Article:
The St. John Advisory Council met last week to take the steps necessary to save the high school from closing its doors.

School Advisory Council president Laddy Rejcek said he is optimistic about the future and wants the community to know that as far as he is concerned, this will not be in the end for St. John.

The council has put into effect a revitalization plan that it feels will see the school prosper, he said.

“We are putting several committees into place that should help us identify what we need to do to raise more funds and bring enrollment up,” Rejcek said. “The community has been amazing in stepping up to the plate and offering their support and whatever contributions they can to help us.

“I am overwhelmed and encouraged at the support and I just feel that with that support and a community wide effort, this will not be the end for St. John,” he said.

The advisory council had recently announced the school’s budget was suffering and an oversight committee has been formed to bring the school back to financial soundness.

The committee will be made up of one member each from the three councils that govern St. John’s: the School Advisory Council, the Parish Finance Committee and the Parish Advisory Council. As well as high school principal Chris Rebuck and Father Edison Vela, a business manager will also round out the committee.

“The advisory council will come up with the planning and the means necessary to submit a plan of action to the finance committee, who will then pass the information along to Bishop Kevin J. Farrell of the Dallas diocese, who has the final say in what happens with the school,” Rejcek said. “We are confident that by the time the bishop gets to see the final plan we will have made the necessary arrangements to have St. John be part of the community for a long time to come.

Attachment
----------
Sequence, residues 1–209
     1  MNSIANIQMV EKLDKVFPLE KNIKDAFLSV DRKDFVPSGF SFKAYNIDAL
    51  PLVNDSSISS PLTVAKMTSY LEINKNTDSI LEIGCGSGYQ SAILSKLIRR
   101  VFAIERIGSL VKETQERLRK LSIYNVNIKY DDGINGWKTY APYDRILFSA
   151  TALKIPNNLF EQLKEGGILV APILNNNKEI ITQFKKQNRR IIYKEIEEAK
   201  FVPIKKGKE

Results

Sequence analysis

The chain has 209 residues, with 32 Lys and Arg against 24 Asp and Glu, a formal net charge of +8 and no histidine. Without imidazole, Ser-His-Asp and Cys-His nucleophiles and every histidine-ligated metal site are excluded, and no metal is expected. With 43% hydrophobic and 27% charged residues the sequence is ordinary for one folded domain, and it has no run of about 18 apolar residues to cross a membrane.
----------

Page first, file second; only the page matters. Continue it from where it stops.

“We will let him know what direction we are headed and who is behind us and I think he will be amazed by it,” Rejcek said.

A member of the school’s advisory council will chair the various committees that are being established, with co-chairs made up of members from the community.

“Several people have offered to put their everyday job skills to use for the school and we are thankful. We have a retired grant writer that will also be helping us procure funding for different aspects of the revitalization plan for the school,” Rejcek said.

Upcoming fund-raisers for the school will be announced when plans are finalized and the committees have had an opportunity to meet and discuss options.

Rejcek believes the future of the church is the school and is a major reason why the school must not be allowed to close.

“If you look at the leaders within the church, they all have ties to the school,” he said. “I believe the future of the church is based in the school and we are not letting it go anywhere.”

The other factor Rejcek feels will help is a positive attitude, saying it is easy to keep upbeat about the school’s future with the community support he’s seen.

To become involved with the school or to volunteer, contact Rejcek at

E-mail Candie at